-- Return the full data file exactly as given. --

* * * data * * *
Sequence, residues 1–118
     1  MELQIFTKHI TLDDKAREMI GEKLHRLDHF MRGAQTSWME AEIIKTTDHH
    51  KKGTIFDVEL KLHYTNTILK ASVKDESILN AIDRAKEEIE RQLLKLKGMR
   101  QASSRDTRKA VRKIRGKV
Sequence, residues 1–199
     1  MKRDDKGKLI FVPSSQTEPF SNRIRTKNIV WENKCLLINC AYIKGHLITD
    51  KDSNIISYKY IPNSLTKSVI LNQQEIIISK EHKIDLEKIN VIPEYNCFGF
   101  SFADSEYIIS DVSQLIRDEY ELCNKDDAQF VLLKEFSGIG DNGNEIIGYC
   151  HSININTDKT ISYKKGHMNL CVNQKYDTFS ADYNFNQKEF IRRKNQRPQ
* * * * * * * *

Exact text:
Sequence, residues 1–118
     1  MELQIFTKHI TLDDKAREMI GEKLHRLDHF MRGAQTSWME AEIIKTTDHH
    51  KKGTIFDVEL KLHYTNTILK ASVKDESILN AIDRAKEEIE RQLLKLKGMR
   101  QASSRDTRKA VRKIRGKV
Sequence, residues 1–199
     1  MKRDDKGKLI FVPSSQTEPF SNRIRTKNIV WENKCLLINC AYIKGHLITD
    51  KDSNIISYKY IPNSLTKSVI LNQQEIIISK EHKIDLEKIN VIPEYNCFGF
   101  SFADSEYIIS DVSQLIRDEY ELCNKDDAQF VLLKEFSGIG DNGNEIIGYC
   151  HSININTDKT ISYKKGHMNL CVNQKYDTFS ADYNFNQKEF IRRKNQRPQ